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John Northcote Nash CBE, RA (11 April 1893 – 23 September 1977); British painter of landscapes and still-lives, and a wood engraver and illustrator, particularly of botanic works. He was the younger brother of Paul Nash, his sister Barbara Nash became a gardener.
...Nash had no formal art training, but was encouraged by his brother to develop his abilities as a draughtsman. His early work was in watercolor and included Biblical scenes, comic drawings and landscapes. A joint exhibition with Paul at the Dorien Leigh Gallery, London, in 1913 was successful, and John was invited to become a founder-member of the London Group in 1914. He was an important influence on the work of the artist Dora Carrington (with whom he was in love), and some of her works have been mistaken for his in the past.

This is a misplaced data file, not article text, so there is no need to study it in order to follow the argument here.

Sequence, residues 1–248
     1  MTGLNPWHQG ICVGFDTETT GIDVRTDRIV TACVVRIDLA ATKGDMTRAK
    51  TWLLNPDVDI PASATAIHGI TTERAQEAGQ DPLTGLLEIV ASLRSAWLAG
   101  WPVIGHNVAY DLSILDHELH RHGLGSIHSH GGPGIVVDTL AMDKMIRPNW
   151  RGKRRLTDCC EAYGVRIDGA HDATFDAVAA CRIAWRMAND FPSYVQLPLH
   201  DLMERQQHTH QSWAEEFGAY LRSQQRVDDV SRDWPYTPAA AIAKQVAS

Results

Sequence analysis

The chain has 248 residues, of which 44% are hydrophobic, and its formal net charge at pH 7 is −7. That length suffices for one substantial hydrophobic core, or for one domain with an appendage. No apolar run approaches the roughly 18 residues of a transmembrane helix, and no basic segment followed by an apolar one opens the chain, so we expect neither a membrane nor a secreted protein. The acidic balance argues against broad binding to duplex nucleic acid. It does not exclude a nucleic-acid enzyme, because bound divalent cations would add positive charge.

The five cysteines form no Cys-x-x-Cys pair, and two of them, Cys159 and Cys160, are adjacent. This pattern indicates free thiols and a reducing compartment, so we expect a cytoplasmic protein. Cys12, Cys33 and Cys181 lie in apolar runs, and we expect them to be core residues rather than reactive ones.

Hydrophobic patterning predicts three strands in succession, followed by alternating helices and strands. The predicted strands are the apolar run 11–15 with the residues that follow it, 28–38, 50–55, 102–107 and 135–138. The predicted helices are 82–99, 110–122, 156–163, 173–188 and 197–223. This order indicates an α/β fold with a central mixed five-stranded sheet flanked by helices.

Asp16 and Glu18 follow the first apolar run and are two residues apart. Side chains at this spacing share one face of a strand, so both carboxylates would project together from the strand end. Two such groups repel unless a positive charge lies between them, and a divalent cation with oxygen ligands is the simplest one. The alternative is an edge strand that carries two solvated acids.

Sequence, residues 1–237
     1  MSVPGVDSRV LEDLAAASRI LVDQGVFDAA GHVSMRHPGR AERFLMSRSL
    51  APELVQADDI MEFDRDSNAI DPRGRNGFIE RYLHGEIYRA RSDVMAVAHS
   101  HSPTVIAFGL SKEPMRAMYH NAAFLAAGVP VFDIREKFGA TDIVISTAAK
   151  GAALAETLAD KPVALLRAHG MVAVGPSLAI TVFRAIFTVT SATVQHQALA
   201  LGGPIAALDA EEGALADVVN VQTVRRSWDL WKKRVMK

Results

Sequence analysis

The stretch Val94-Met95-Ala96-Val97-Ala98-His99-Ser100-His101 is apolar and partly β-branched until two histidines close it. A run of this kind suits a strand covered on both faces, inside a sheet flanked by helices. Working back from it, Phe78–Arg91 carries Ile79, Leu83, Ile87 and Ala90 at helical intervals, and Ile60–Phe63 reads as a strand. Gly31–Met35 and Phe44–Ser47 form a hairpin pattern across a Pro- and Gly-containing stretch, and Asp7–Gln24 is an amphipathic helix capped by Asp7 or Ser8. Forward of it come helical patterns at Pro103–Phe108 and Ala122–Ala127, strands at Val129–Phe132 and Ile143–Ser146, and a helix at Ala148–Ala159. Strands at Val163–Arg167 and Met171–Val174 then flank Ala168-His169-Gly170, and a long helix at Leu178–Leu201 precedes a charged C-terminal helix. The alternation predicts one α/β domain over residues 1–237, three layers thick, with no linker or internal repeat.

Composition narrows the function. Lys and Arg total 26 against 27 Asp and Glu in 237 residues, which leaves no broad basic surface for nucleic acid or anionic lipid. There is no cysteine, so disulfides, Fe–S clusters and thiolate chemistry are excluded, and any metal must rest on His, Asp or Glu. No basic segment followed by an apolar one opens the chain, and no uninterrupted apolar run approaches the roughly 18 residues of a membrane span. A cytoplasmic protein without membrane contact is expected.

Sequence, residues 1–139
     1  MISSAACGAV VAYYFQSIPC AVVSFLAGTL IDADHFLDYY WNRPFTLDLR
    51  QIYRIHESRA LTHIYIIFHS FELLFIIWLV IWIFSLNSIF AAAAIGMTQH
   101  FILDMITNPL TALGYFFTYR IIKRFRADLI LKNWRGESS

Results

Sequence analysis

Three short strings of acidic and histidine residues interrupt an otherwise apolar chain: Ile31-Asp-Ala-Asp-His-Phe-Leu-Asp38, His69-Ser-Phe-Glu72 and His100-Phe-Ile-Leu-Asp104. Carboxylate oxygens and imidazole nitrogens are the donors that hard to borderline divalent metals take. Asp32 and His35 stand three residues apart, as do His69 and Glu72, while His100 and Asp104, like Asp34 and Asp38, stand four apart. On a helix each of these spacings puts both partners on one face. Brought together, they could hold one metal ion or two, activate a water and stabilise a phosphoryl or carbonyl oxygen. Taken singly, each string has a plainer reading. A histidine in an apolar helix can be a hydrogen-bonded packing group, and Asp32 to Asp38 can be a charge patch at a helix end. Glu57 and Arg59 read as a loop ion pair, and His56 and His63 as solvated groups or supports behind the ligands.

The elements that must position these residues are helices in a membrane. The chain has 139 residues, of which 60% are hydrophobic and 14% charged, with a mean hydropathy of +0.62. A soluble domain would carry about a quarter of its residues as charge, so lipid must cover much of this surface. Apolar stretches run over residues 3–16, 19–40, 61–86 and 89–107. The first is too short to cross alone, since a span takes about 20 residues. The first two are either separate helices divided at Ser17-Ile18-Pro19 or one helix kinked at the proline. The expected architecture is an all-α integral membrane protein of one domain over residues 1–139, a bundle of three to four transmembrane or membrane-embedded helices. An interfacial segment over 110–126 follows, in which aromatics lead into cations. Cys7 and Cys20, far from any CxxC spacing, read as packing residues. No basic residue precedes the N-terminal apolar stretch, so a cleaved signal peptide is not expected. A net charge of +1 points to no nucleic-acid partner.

...Nash married Carrington's friend Dorothy Christine Kühlenthal in May 1918.... Their only child, William, born in 1930, was killed in a car accident in 1935, aged 4.
Born in London, and became a newspaper reporter. It was only through the influence of his brother Paul that Nash was encouraged to pursue art and become a still-life and landscape painter, as well as an illustrator and wood engraver. During WWI, Nash was an artist and created his most famous work Over the Top which now hangs in the Imperial War Museum.
After WWI, Nash married and concentrated on water colors and painting landscapes that hold symbolic meanings related to the human condition. In 1920, Nash became one of the founding members of The Society of Wood Engravers. His engravings were first meant for literary journals and then for books. All his depictions of cats are wood engravings. Most of the cats are captured in a typical cat position, sitting on a chair sleeping. He was awarded a CBE in 1964. Nash died in 1977 soon after his wife...